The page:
Accelerating Cloud-Ready Infrastructure and Kubernetes with Red Hat OpenShift and the NVIDIA BlueField DPU

An animated visualization of Red Hat Openshift running on the NVIDIA BlueField DPU

The IT world is moving to cloud, and cloud is built on containers managed with Kubernetes. We believe the next logical step is to accelerate this infrastructure with data processing units (DPUs) for greater performance, efficiency, and security.

Red Hat and NVIDIA are building an integrated cloud-ready infrastructure solution with the management and automation of Red Hat OpenShift combined with the acceleration, workload isolation, and security capabilities of NVIDIA BlueField DPUs.

Benefits of Red Hat OpenShift

Many popular cloud infrastructure projects use containers managed by Kubernetes. However, implementing Kubernetes can be a heavy lift, especially for organizations that cannot devote dedicated staff to becoming Kubernetes experts. 

Red Hat OpenShift provides a powerful set of capabilities for managing Kubernetes containers as well as application deployment, updates, and lifecycle management. OpenShift includes automation and security tools, as well as a supported open-source model to make cloud infrastructure more affordable, reliable, and scalable.

According to a 2021 Red Hat survey, Kubernetes is used for over 85% of container orchestration projects, and Red Hat OpenShift is the most popular choice for hybrid and multicloud Kubernetes deployments. OpenShift is the industry’s leading enterprise Kubernetes platform, used by more than 50% of commercial banks, telecommunications companies, and airlines on the Fortune 500.

It is clear that most enterprises want a supported Kubernetes model, and Red Hat OpenShift is one of the most popular choices.

How a DPU works

A DPU offloads, accelerates, and isolates infrastructure workloads from the server’s CPU. For example, the BlueField DPU can offload networking, network virtualization, data encryption, and time synchronization tasks from the CPU and run them on purpose-built silicon.

Other infrastructure software, such as remote management, firewall agents, network control plane, and storage virtualization, can run on BlueField’s Arm processor cores. Doing so frees up the server’s CPU cores that can instead run applications and tenant workloads.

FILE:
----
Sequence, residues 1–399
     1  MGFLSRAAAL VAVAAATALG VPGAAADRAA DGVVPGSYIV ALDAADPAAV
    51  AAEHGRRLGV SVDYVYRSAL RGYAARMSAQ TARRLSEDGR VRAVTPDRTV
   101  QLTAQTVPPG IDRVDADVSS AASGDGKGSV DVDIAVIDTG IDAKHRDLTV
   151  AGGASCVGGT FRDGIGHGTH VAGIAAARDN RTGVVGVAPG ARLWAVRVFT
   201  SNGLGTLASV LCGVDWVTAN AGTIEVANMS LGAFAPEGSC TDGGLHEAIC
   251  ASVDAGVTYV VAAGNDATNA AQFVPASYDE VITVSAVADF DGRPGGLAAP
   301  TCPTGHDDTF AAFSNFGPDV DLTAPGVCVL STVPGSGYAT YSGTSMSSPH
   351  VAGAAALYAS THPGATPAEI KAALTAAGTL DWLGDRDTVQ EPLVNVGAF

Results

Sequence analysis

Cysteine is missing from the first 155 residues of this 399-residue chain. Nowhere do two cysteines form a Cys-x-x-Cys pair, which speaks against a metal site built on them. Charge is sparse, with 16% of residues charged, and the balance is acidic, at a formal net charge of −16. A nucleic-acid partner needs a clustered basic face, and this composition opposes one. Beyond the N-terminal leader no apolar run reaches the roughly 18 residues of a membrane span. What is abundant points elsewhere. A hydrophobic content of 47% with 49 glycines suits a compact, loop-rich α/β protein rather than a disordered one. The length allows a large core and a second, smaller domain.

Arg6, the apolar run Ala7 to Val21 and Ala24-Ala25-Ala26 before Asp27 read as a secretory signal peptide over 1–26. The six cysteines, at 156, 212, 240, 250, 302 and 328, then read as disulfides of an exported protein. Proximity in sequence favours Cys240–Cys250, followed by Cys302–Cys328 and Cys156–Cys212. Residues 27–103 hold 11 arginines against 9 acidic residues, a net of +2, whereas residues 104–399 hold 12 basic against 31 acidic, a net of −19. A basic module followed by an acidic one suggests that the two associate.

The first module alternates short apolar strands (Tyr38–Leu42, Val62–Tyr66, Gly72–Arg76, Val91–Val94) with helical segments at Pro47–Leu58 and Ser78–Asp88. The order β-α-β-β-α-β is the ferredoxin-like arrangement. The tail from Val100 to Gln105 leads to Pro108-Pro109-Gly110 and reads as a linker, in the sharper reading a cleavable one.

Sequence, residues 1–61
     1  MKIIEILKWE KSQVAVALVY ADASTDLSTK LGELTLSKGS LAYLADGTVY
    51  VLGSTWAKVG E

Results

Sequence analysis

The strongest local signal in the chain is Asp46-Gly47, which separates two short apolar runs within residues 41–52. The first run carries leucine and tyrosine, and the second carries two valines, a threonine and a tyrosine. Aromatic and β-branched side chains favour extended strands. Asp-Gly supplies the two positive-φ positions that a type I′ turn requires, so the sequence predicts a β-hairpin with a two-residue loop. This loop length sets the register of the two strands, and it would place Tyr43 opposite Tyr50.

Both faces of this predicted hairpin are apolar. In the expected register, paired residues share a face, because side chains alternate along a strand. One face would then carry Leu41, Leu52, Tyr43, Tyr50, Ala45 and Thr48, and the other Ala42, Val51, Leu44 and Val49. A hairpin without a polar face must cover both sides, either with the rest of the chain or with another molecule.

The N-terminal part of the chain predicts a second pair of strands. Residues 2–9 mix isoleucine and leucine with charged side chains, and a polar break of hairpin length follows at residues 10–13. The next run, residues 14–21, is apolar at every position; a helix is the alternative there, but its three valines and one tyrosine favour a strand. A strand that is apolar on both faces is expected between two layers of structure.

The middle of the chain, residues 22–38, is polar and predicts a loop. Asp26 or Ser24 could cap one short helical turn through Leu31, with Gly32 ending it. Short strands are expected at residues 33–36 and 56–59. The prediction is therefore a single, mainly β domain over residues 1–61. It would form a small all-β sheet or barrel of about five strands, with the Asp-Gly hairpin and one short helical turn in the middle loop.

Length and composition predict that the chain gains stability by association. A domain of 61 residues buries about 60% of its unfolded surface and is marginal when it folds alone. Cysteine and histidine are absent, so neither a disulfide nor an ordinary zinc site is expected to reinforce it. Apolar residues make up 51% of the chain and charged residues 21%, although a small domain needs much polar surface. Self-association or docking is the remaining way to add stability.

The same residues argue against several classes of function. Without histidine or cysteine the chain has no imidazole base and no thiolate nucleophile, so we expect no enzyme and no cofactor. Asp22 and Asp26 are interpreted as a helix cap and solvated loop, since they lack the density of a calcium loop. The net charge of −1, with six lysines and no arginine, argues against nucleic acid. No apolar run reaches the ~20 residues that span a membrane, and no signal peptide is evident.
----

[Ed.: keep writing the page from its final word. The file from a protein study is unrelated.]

This functionality also isolates infrastructure and security workloads in a separate domain. The result is a set of servers that run more applications with faster networking, increasing the efficiency and security of the data center. 

In a typical cloud infrastructure, the network traffic traverses both physical servers and containers running on these servers. This requires a packet switching solution within each server, and to gain maximum efficiency, the application containers need a way to talk to the accelerated networking offloads of the DPU.

The traditional way is to go through Kubernetes and Open Virtual Network (OVN) to access the Open Virtual Switch (Open vSwitch or OVS). OVN provides network abstraction and the default deployment strategy is to run both OVN and OVS on the host server’s CPU.

However, this method consumes a significant number of CPU cores as the network speeds increase beyond 10 Gbps. A solution is needed for Kubernetes to run the OVN and OVS functionality on the DPU so that all the packet switching, header rewrites, encapsulation/decapsulation, and packet filtering can be done on networking hardware instead of in software on the CPU. 

Increasing networking integration between Red Hat and NVIDIA

Red Hat and NVIDIA have collaborated to integrate the management power of OpenShift with the acceleration capabilities of the DPU.

The first stage of integration started in 2018 with Red Hat Enterprise Linux offloading network traffic to the NVIDIA ConnectX SmartNIC. The networking data plane–using OVS or DPDK–was running on the SmartNIC ASIC but the networking control plane was still running entirely in software on the X86 CPU.

This is a diagram of the OpenStack software-defined networking (SDN) components running in Red Hat Enterprise Linux and interacting via Open vSwitch (OVS) with the eSwitch in the NVIDIA ConnectX SmartNIC. This integration allows the eSwitch hardware to offload and accelerate the SDN data plane packet switching for virtual machines running in user space.
Figure 1. OpenStack SDN controller, running on Red Hat Enterprise Linux, offloads the networking data plane to the NVIDIA ConnectX SmartNIC through OVS while the control plane runs on the X86 CPU.

In 2021, the companies took the next step and deployed Red Hat OpenShift with the NVIDIA BlueField DPU and ran performance benchmark tests. At NVIDIA GTC 2021, we demonstrated the advantages of shifting networking to the DPU and published a post, Optimizing server utilization in data centers by offloading network functions to NVIDIA BlueField-2 DPUs.

In this solution, the networking data plane with overlay offload (OVS and Geneve Offload) and the networking control plane (in the OVN Kubernetes pod) were running on the DPU with Red Hat Enterprise Linux. The major OpenShift components, including Red Hat Enterprise Linux CoreOS remained on the x86 CPU.

This diagram shows Red Hat OpenShift with Kubernetes running on the x86 CPU and offloading both the open virtual networking (OVN) data plane and control plane to the BlueField-2 DPU. Red Hat Enterprise Linux CoreOS is running only on the x86 CPU as the DPU runs Red Hat Enterprise Linux. The tenant containers/pods on the x86 host offload their networking virtual functions to the DPU.
Figure 2. Red Hat OpenShift, running on Red Hat Enterprise Linux CoreOS, offloads both the networking data plane and control plane to the BlueField-2 DPU, via OVN and OVS. The DPU is running Red Hat Enterprise Linux on its Arm cores.

In the deployment scenario in Figure 2, the BlueField-2 does the heavy lifting in the following areas: